Perhaps more than anything in this show is how Slimane crafted these clothes to be so easy and so transparent that they are hardly noticeable and lacking any signs of logo attached to any of the garments. It may be a challenge for some to accept a loose light brown mohair dress paired with black fitted jeans, a denim jacket, and an oversize leather anorak as designer brand clothes. Designer sportswear is vital here.
For a high luxury French brand like Celine, it had taken time to absorb the new methodology of style, just as how the writings of symbolic verses of Rimbaud and Baudelaire influenced modern literature. There is hope for this new aesthetics or as Baudelaire wrote it with such enthusiasm in his poem L’enemi “Ma jeunesse ne fut qu’un ténébreux orage, traverse ça et là par de brilliants soleils.” (My youth has been nothing but a tenebrous storm, pierced now and then by rays of brilliant sunshine.”
Here is the agility of how Slimane has been able to sustain the Celine brand’s quiet excitement without resorting to collaborative trickeries and aiming to speak to an intentional community with clear fashion notions rather than through well exciting anything like heritage or craftsmanship. The designer is never timid at achieving the fashion and the aesthetics that he espoused.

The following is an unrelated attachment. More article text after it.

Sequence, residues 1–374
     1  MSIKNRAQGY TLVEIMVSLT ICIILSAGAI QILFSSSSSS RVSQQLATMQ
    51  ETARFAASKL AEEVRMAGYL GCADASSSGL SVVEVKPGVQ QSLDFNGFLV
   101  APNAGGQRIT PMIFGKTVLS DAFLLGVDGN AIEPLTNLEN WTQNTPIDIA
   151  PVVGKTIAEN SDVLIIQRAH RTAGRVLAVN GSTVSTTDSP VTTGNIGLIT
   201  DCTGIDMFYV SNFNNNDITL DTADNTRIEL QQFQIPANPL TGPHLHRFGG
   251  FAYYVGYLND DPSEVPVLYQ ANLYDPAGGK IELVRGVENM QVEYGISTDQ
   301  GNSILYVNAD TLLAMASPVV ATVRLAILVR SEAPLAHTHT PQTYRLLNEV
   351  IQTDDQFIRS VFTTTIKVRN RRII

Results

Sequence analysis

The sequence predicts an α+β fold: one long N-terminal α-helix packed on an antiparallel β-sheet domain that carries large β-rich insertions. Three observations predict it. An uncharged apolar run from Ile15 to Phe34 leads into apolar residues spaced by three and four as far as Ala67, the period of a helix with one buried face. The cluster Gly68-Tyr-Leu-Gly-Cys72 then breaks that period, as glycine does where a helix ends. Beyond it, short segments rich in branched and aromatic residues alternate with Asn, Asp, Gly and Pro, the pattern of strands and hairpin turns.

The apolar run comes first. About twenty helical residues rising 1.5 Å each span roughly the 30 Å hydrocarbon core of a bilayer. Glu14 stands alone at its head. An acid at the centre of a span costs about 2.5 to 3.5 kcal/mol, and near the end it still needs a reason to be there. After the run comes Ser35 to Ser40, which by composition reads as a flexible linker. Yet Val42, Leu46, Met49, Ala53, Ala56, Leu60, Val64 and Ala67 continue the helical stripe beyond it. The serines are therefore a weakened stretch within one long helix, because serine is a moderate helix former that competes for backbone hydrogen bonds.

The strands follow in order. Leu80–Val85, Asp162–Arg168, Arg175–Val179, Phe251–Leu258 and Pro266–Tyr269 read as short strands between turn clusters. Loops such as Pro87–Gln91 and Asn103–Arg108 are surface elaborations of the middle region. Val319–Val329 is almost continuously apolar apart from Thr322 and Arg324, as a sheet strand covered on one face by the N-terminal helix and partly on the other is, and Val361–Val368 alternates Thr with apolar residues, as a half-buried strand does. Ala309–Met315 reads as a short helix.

Each season, Slimane carries on a conversation with the clothes and his images of the people wearing these clothes as his vocabulary broadcast to the culture at large, not just at limited fashion circles. There is a tranquility here, not a rush towards a new aesthetic standard or new vibes that seem expected from designer fashion; well, that’s the term to describe high fashion in the years before being replaced with just the brand.
But the Celine aesthetics are evolving, starting with the men’s collection staged outdoor on a racetrack near Marseille last July and the subsequent women’s spring 2021 filming in Monaco. These taped shows delivered for the Celine collection have evolved out of the more structured 1970s bourgeois and nightclub vibes of the live shows inside Paris’s tents. Celine no longer makes sense to return to the old ways of showing under the old fashion calendar system that is very still in operation. The casualness of these outdoor shows is more aligned with the mood of young people today.
“J’ai seul la clef de cette parade sauvage,” (“I alone have the key to this savage parade”) wrote Rimbaud in one of his poem Parade, written around 1873 in his last work Illuminations.
The poet affirmed that he alone holds the key to his revolt, self-discovery journey, and the parade of the ideals that he had cast aside and cast anew. In the same way, this Celine show cast a new light on these mixtures of everyday clothes.